Unease in Iran as 'Trump's duplicate' becomes British PM

While politicians in Tehran were seeking a new opening with the UK after Boris Johnson found his way to 10 Downing Street, Iran's media received the news with little enthusiasm.

al-monitor Britain's Prime Minister Boris Johnson enters 10 Downing Street after meeting Britain's Queen Elizabeth II and accepting her invitation to become prime minister and form a new government, in London, Britain, July 24, 2019.  Photo by Stefan Rousseau/Pool via REUTERS.

Jul 24, 2019

Iranian media outlets were inundated by editorials July 24 on how a Boris Johnson premiership would impact the already turbulent Tehran-London ties. Personal traits and foreign policy approaches that the incoming British prime minister shares with US President Donald Trump shaped the picture Iranian outlets painted of the new Tory leader.

"A new Trump in Europe," "The British Trump," "Trump's duplicate," "Trump reproduced in London" and "Trump's body double" were among a multitude of pejorative descriptions Iranian papers used to underline what they view as the threat of the new UK prime minister to international relations in general and the Islamic Republic in particular.

In a skeptical editorial, Etemad, which represents Iran's pro-engagement Reformist camp, called Johnson the "choice of the extremists." The paper claimed, however, that the new government will be "short-lived" only to be pushed aside by the Labour Party in a snap election. The same prediction was made by London-based former Iranian culture minister, Ata'ollah Mohajerani, who traced the roots of an anticipated collapse of the Tories in their Brexit ambitions.

According to Iranian media, a daunting foreign policy challenge the new British leader is facing, among others, is the ongoing oil tanker crisis, which has strained the UK-Iran relationship. Last week, a British oil tanker was seized by Iranian forces in the strategic Strait of Hormuz. London has called the move a tit-for-tat response by Tehran after an Iranian oil tanker was detained off the coast of Gibraltar over allegations that it was violating EU sanctions by shipping oil to Syria. Iran has denied the tanker was destined for Syria but has refused to identify the destination. It has also offered multiple reasons other than retaliation for the capture of the British tanker.

Unlike the overall negative reception Iranian media thrust upon Johnson's premiership, the country's politicians moved to ease the tensions. In a conciliatory tone, President Hassan Rouhani said the UK will be given a "proportionate response" if it released the Iranian vessel, suggesting that Tehran will do the same for the British tanker. Meanwhile, the head of the office of Iran's supreme leader revealed that London had sought mediation to resolve the crisis, but did not elaborate further. The ultraconservative paper Kayhan earlier quoted Arab media sources as saying that London "appealed" to Iraq's Prime Minister Adel Abdul Mahdi to help free the tanker.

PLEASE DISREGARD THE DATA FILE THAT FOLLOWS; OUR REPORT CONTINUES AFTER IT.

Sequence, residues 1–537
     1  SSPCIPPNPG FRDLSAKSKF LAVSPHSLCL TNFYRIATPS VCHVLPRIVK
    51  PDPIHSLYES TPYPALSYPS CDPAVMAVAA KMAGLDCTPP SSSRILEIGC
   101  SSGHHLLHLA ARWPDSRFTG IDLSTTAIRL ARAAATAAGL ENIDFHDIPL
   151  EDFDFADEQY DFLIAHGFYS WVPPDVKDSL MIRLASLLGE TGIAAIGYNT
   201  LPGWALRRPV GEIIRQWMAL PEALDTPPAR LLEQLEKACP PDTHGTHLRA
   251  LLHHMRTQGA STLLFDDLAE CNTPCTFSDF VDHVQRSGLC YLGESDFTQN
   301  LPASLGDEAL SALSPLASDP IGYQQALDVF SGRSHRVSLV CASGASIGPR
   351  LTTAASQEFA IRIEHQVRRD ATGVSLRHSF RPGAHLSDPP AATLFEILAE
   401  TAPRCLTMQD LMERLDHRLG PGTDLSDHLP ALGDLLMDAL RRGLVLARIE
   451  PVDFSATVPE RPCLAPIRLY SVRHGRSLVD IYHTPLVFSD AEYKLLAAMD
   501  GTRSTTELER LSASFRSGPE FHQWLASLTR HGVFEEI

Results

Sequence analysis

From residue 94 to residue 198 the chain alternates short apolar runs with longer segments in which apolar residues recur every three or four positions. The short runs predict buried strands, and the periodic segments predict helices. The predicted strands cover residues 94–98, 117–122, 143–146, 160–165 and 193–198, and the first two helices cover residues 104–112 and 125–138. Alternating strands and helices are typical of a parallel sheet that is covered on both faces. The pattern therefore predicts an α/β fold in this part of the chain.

Iran's Foreign Minister Mohammad Javad Zarif earlier expressed a willingness to try diplomacy. Zarif congratulated Johnson, his "former counterpart," and gave him assurances that "Iran does not seek confrontation." But Zarif also made it clear from the outset that Iran has "1,500 miles of Persian Gulf coastline. These are our waters and we will protect them."

In an optimistic message, Iran's Ambassador to London Hamid Baeidinejad also hoped that Johnson's "knowledge and experience" would defuse the UK-Iran tensions. "Apparently he is the sole PM in past [40 years] who has visited Iran and had a direct dialogue with its senior officials," he tweeted. That visit took place last December, when Johnson's mission as the UK foreign secretary to secure the release of British-Iranian national Nazanin Zaghari-Ratcliffe proved impossible. Zaghari-Ratcliffe is serving a five-year sentence at Tehran's notorious Evin prison over espionage charges. After erroneously stating that the 40-year-old mother had been teaching journalism in Iran, Johnson triggered a massive backlash at home from those who noted that the comment exacerbated her ordeal in captivity.

Given the historical complexities in Iran-UK ties, the direction of future relations might be hard to discern. But Johnson's premiership has already opened up a heated debate among Iranians. Some are drawing a bleak picture, in which Johnson will follow the Trump model and depart from the fragile Iran nuclear deal to appease the like-minded US president. But exulting in the capture of the UK oil tanker as a "turning point" in the history of the Islamic Republic, hard-liners argue that Tehran is now in a position of strength, with a valuable bargaining chip to use against a Tory government entangled in multiple foreign policy battles, on top of them a hard Brexit.

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